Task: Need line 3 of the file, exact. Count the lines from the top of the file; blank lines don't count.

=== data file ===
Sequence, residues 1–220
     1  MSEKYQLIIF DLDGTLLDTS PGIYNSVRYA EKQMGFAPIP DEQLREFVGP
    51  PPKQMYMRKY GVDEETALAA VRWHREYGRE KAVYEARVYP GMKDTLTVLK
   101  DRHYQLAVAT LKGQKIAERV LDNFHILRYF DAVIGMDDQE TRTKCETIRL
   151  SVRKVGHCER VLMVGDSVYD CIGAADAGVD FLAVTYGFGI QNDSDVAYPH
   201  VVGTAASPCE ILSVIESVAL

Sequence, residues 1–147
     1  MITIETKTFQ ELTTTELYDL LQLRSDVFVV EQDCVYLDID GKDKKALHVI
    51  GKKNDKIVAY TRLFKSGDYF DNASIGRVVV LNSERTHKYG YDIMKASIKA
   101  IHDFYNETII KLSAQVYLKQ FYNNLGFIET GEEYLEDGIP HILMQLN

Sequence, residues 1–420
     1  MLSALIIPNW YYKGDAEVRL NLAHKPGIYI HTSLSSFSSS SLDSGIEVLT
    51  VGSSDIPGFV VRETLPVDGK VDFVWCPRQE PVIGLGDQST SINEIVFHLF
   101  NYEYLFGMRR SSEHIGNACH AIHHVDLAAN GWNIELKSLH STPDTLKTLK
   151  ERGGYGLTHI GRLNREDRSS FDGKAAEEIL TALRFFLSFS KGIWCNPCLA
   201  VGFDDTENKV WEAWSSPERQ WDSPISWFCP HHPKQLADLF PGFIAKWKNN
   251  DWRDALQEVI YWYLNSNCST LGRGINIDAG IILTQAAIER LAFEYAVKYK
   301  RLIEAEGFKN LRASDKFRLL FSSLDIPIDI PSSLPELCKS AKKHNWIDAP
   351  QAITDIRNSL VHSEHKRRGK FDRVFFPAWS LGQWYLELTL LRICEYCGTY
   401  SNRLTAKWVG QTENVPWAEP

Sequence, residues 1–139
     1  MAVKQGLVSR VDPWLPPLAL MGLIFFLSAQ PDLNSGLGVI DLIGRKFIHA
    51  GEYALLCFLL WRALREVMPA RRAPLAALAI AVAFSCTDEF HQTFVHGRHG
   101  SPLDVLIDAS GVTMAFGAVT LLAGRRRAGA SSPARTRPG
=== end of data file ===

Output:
    51  PPKQMYMRKY GVDEETALAA VRWHREYGRE KAVYEARVYP GMKDTLTVLK